My moment on Radio 4’s Gardeners’ Question Time (promoting the virtues of compost toilets)

Yesterday’s edition of Gardeners’ Question Time -Sunday 19th January 2020 – satisfied one of my lifetime ambitions – I was on the programme, asking a question!   The show was recorded in Nailsworth in December, and once I wrote my question on the piece of paper handed to me at the door, I had a good feeling that it would be chosen.  The question was:

“I have a compost toilet in my garden.  It saves tens of thousands of litres of water a year, and makes wonderful compost.  Do the panel members have compost toilets in their gardens, and if not, why not?”

The producer chose it as the first question of the show.   You can hear it here (at 4 mintues 47 seconds into the show)  https://www.bbc.co.uk/sounds/play/m000d7k2

The panel members didn’t really know much about compost toilets, but at least they were positive about the idea.  Hopefully this bit of exposure for compost toilets on Radio 4 will set more people thinking about them, and lead to more people making their own.

My compost toilet sits at the end of my garden.  I built it in the autumn of 2016, and after 3 years of use I couldn’t be keener on it – I love it and I think that everyone who has the space should have one.  One of these days I’ll write a detailed step by step article about how I made it and how it works.

My compost toilet, exterior view

My compost toilet, interior view

This was my second attempt at getting onto Gardeners’ Question Time.  I went to a recording of the show at the Royal Agricultural College in Cirencester about 3 years ago, but didn’t have my question selected that time (“Why is Glyphosate/Roundup weedkiller not banned in gardens?”  Too controversial I expect).

Here’s  a photo from the Nailsworth recording in December 2019

Recording of Gardeners' Question Time, Nailsworth 17th December 2019, broadcast 19th January 2020.

They actually recorded two shows in Nailsworth that evening – the second is to be broadcast on 2nd February (I guess they needed to cover the Christmas and New Year gap).    Each time I’ve been to a recording of GQT, I’ve been really impressed with the incredible skill of the chairman in linking everything together so smoothly and coordinating the panel and questioners’ contributions in such a good natured way.  This time it was Peter Gibbs, last time it was Eric Robson.  Both of them such excellent broadcasters.  The panelists were good too of course.  It was a shame that Bob Flowerdew wasn’t on the panel for the compost toilet question – I’m sure he would have had plenty of informed comment on the subject.  Pippa Greenwood asked (probably not seriously) if I would design a compost toilet for her garden… if you’re reading this, Pippa, just get in touch 🙂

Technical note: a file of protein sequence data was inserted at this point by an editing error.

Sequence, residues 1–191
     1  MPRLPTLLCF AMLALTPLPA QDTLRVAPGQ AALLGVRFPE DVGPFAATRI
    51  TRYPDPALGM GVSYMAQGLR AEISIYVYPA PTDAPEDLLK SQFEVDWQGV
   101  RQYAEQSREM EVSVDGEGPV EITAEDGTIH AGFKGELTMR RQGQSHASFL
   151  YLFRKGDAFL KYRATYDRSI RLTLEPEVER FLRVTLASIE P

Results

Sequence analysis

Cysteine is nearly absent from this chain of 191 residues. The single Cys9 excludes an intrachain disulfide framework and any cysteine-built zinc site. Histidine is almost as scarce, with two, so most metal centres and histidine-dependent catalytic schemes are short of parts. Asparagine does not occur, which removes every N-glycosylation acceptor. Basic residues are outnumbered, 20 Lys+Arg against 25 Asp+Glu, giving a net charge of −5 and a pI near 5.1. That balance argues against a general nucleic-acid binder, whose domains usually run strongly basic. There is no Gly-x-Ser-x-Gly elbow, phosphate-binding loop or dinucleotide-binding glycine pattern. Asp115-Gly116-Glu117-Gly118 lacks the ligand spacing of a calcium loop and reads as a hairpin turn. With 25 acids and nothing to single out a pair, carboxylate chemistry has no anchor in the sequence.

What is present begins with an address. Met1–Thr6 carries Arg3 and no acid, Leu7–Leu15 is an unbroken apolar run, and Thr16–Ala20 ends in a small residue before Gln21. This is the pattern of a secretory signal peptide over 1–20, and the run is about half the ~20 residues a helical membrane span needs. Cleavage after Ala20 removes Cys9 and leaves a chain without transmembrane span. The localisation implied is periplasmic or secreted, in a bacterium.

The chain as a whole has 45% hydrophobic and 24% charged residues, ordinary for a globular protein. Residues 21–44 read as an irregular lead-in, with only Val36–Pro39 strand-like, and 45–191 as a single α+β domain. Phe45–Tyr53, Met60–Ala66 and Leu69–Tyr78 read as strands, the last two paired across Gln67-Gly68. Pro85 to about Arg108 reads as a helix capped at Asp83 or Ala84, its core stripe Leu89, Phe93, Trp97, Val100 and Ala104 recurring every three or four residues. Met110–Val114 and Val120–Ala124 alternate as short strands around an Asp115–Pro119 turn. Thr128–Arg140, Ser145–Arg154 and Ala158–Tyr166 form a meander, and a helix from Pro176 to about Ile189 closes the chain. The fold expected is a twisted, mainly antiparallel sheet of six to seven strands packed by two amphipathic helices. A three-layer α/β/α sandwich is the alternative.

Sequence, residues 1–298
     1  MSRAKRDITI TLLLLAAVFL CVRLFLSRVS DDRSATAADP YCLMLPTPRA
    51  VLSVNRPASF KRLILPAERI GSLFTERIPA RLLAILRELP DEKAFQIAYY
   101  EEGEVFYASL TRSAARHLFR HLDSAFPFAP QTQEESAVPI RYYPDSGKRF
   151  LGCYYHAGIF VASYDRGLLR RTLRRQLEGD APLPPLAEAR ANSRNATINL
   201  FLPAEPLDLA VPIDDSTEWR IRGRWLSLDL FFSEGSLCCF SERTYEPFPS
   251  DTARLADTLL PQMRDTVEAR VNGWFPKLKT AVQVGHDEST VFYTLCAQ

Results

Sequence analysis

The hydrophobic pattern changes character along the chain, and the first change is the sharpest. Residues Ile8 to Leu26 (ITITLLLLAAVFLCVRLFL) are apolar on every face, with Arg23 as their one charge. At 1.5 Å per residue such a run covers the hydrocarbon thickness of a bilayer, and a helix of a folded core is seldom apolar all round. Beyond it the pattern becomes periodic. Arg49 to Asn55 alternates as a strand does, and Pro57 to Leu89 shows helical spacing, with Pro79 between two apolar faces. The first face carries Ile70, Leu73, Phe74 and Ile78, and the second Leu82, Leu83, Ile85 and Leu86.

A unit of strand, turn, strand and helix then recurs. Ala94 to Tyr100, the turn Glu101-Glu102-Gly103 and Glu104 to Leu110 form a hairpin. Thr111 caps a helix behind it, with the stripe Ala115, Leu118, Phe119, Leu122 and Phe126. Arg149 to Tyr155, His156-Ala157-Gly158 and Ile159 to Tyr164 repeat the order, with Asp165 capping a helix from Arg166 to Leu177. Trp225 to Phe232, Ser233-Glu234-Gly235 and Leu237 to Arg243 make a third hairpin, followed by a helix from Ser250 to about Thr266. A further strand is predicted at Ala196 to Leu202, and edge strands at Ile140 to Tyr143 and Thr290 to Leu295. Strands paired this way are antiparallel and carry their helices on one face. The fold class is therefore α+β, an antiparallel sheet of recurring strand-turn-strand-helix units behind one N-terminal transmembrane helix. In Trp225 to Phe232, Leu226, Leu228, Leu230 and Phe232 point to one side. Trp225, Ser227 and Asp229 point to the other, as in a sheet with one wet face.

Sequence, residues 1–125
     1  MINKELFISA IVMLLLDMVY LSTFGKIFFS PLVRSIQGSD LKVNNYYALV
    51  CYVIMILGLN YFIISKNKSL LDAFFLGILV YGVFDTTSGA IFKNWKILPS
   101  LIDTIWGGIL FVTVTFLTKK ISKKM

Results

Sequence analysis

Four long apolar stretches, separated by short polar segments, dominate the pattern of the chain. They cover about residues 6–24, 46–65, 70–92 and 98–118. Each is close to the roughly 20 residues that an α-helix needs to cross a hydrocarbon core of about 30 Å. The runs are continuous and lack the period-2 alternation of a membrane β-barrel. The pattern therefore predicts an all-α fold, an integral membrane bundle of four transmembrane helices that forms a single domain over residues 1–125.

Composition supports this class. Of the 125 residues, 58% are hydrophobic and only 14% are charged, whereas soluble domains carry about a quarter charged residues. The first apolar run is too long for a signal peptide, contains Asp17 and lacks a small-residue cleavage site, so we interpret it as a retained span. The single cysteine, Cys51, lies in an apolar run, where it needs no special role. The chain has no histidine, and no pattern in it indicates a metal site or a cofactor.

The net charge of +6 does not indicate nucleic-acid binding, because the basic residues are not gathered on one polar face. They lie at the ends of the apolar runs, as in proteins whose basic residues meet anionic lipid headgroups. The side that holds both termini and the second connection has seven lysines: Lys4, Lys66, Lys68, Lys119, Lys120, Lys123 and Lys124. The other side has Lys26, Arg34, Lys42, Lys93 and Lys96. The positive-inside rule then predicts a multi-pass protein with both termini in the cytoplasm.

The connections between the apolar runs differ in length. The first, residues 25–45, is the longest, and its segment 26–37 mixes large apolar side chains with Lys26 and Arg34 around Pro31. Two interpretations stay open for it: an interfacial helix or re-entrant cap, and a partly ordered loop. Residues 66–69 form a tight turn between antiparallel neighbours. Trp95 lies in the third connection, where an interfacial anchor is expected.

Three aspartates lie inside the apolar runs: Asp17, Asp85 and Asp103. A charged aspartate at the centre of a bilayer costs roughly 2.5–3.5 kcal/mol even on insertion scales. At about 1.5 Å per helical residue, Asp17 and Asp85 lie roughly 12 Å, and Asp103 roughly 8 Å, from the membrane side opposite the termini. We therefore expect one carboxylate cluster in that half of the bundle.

One surprising thing about the show is that they don’t record any extra questions that don’t get broadcast.  They choose just the right number of questions, and the show goes out on air pretty much as it was live, no doubt with a few very subtle edits to keep within the overall time limit.

My Gardeners' Question Time question as submitted on the night.
My Gardeners’ Question Time question.

Now my dream would be for Radio 4 to get in touch with me to present a 30 minute programme all about compost toilets 🙂  There are quite a few around in Stroud, and promoting them is a real passion with me…

Start of the growing season

Like the garden, I’ve been fairly dormant since late autumn.  I think I’m very lucky that I don’t have to rely on gardening for my living all year round – I have other types of work which don’t involve braving the winter weather.

Anyway, things are well and truly bursting into life outside now, I’ve resumed gardening work again this week, and I’ve sown my first batch of seeds in my greenhouse – mostly annual flowers, plus a few edibles.   Such a lovely time of year, having the whole of the spring and summer still ahead of us!

Invasion of the Ivy Bees

ivy bees on tomatoes in polytunnel in UK
A bee or not a bee, that is the question

When about a thousand bee/wasp creatures came to live in my garden polytunnel a couple of weeks ago, I emailed our local permaculture group members for help identifying them.  The bees/wasps were feeding on the split tomatoes by day, and at night were going to sleep in clumps on the floor.  The polytunnel doors were wide open, but they showed no signs of planning to leave.

The mystery of what they were was soon solved.  Someone else had recently had the same thing happen in their polytunnel, and the insects had been identified as Ivy Bees.  These are a fairly new species to us, first seen in the UK in 2001.  They hatch out in the autumn and feed on the ivy which is flowering at that time.   When I looked closely at the ivy in my garden, lo and behold, more such stripey bees were indeed buzzing round the ivy flowers.

I was told that the Ivy Bees were docile, only stinging under very extreme provocation, which seems to be correct as despite having hundreds buzzing round me when picking tomatoes, I haven’t been stung.  They are fairly short-lived, and sadly most of mine have now died (in heaps on the polytunnel floor!).   Apparently they lay their eggs in burrows in the ground, with many females making burrows close to each other.

I wonder if they have made their burrows inside the polytunnel?  Perhaps I will see their descendants this time next year.  I can’t help thinking that they’d be better off living outside, taking nectar from the Ivy flowers.  After all, they aren’t called Polytunnel or Split Tomato Bees.

 

Austrian Scythes